Hypertension in four African-origin populations: current 'Rule of Halves', quality of blood pressure control and attributable risk of cardiovascular disease.
Cruickshank, J. Kennedy a; Mbanya, Jean Claude b; Wilks, Rainford c; Balkau, Beverley d; Forrester, Terrence c; Anderson, Simon G. c; Mennen, Louise d; Forhan, Anne d; Riste, Lisa a; McFarlane-Anderson, Norma c
Journal of Hypertension.
19(1):41-46, January 2001.
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Objective: To assess the public health burden from high blood pressure and the current status of its detection and management in four African-origin populations at emerging or high cardiovascular risk.
Design: Cross-site comparison using standardized measurement and techniques.
Setting: Rural and urban Cameroon; Jamaica; Manchester, Britain.
Subjects: Representative population samples in each setting. African-Caribbeans (80% of Jamaican origin) and a local European sample in Manchester.
Main outcome measures: Cross-site age-adjusted prevalence; population attributable risk.
Results: Among 1587 men and 2087 women, age-adjusted rates of blood pressure >= 160 or 95 mmHg or its treatment rose from 5% in rural to 17% in urban Cameroon, despite young mean ages, to 21% in Jamaica and 29% in Caribbeans in Britain. Treatment rates reached 34% in urban Cameroon, and 69% in Jamaican- and British- Caribbean-origin women. Sub-optimal blood pressure control (> 140 and 90 mmHg) on treatment reached 88% in European women. Population attributable risks (or fractions) indicated that up to 22% of premature all-cause, and 45% of stroke mortality could be reduced by appropriate detection and treatment. Additional benefit on just strokes occurring on treatment could be up to 47% (e.g. in both urban Cameroon men and European women) from tighter blood pressure control on therapy. Cheap, effective therapy is available.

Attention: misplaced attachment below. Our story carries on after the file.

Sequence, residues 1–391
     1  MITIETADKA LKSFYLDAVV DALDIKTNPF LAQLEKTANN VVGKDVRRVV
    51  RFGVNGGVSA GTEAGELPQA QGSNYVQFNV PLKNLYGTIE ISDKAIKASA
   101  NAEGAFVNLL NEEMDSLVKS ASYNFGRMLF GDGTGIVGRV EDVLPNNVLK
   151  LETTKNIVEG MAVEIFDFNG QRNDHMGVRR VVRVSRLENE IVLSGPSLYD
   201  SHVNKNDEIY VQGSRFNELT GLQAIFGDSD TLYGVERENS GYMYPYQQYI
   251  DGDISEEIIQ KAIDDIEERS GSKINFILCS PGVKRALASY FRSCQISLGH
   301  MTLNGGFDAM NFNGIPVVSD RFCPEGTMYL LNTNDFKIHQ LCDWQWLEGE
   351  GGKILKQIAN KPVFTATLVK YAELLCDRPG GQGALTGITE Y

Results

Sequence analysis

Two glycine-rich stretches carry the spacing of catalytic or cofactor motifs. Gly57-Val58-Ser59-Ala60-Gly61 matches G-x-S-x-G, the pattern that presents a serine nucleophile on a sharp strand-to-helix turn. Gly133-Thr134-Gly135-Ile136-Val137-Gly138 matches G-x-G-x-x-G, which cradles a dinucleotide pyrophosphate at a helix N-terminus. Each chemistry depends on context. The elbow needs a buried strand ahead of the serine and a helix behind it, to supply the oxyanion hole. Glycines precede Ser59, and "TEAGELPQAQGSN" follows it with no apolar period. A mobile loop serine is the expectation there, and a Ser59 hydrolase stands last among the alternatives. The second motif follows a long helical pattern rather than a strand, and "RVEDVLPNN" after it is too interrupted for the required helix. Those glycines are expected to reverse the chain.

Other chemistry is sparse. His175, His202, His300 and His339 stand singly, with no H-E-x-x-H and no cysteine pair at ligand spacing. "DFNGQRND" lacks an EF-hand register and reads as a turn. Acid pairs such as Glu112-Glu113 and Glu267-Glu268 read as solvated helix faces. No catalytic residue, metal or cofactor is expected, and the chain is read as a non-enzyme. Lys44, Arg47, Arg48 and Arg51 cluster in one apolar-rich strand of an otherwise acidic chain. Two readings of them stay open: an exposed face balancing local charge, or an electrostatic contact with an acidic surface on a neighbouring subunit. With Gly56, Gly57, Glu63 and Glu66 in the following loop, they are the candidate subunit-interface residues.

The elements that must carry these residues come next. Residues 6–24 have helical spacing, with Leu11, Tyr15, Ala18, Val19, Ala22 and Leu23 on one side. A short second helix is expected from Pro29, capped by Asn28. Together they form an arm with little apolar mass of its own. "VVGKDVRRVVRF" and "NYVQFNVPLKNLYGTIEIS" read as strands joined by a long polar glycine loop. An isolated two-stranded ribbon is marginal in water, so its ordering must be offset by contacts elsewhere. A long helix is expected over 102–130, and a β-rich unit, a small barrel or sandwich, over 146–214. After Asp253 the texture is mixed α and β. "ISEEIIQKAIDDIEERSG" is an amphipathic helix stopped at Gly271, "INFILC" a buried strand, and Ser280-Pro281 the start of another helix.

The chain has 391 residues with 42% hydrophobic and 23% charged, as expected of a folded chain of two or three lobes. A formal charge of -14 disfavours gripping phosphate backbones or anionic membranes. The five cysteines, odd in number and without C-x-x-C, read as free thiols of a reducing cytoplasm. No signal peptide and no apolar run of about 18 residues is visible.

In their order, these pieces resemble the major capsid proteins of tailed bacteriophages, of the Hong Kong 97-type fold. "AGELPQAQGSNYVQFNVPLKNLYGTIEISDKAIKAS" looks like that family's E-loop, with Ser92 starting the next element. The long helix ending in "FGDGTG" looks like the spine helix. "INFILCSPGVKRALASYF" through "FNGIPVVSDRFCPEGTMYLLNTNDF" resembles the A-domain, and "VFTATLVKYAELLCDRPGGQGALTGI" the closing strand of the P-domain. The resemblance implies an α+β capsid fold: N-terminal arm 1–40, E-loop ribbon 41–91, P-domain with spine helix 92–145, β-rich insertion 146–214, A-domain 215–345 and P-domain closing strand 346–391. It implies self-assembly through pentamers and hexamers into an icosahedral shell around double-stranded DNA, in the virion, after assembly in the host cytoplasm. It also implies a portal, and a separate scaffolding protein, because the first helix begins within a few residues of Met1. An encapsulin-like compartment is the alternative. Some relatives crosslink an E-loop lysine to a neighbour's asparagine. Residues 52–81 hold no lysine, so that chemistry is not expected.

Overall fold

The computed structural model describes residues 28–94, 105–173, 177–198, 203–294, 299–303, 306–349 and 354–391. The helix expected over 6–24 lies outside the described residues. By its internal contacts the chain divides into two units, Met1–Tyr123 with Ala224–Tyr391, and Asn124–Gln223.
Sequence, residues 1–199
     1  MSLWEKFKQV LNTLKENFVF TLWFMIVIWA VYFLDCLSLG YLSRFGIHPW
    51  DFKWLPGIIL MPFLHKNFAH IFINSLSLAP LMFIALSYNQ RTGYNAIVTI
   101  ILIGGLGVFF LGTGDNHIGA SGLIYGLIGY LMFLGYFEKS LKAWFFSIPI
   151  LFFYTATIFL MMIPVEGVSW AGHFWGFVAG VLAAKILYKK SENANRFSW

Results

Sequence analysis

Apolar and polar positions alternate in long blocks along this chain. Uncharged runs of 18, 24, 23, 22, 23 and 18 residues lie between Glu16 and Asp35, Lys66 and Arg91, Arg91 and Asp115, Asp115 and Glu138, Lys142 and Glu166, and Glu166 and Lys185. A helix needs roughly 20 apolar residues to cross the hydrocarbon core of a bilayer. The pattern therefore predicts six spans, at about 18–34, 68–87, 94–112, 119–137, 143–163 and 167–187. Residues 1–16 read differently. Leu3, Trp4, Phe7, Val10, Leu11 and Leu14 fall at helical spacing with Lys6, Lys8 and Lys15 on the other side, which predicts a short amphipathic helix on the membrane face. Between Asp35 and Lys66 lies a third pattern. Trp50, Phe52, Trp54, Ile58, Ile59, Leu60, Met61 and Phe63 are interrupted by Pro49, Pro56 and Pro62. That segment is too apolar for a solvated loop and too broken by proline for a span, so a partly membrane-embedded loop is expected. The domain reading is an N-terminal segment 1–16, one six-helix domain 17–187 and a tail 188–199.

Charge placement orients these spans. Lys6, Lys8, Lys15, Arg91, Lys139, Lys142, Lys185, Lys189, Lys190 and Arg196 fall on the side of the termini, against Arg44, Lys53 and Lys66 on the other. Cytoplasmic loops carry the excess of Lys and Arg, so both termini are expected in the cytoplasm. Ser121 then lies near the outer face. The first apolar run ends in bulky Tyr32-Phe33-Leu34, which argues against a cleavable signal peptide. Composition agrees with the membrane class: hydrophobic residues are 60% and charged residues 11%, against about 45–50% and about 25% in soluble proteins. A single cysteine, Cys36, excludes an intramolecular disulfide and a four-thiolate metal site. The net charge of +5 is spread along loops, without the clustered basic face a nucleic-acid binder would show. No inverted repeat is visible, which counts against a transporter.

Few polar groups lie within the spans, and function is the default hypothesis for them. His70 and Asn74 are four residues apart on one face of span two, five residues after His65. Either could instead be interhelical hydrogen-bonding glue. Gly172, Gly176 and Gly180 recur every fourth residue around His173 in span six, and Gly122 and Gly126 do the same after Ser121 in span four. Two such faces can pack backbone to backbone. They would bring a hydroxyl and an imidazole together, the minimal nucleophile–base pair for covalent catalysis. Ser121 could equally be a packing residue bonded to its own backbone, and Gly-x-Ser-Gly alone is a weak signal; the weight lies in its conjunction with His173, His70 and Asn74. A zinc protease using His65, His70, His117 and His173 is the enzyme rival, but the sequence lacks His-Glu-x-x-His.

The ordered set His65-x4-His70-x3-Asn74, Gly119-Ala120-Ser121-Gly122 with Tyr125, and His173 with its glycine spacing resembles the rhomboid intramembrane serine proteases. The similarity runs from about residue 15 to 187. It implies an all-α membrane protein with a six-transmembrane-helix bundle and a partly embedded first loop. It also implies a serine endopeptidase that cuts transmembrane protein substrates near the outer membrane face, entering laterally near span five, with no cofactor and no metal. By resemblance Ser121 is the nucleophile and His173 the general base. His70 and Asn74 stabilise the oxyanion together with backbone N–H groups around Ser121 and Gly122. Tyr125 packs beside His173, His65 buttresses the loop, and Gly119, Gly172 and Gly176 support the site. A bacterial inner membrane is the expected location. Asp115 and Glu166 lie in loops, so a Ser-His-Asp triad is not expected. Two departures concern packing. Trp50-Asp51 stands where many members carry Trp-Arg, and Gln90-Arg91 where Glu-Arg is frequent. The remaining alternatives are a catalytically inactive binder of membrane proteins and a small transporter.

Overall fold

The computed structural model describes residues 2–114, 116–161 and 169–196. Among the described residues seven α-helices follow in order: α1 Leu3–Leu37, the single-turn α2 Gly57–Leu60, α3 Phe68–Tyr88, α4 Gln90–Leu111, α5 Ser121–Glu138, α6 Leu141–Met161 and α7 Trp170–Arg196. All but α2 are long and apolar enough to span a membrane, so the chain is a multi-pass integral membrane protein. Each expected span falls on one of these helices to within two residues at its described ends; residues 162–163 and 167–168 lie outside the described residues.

Conclusion: With mortality risk now higher from non-communicable than communicable diseases in sub-Saharan Africa and elsewhere, systematic measurement, detection and genuine control of hypertension once treated can go hand-in-hand with other adult health programmes in primary care. Cost implications are not great. The data from this collaborative study suggest that such efforts should be well rewarded.
(C) 2001 Lippincott Williams & Wilkins, Inc.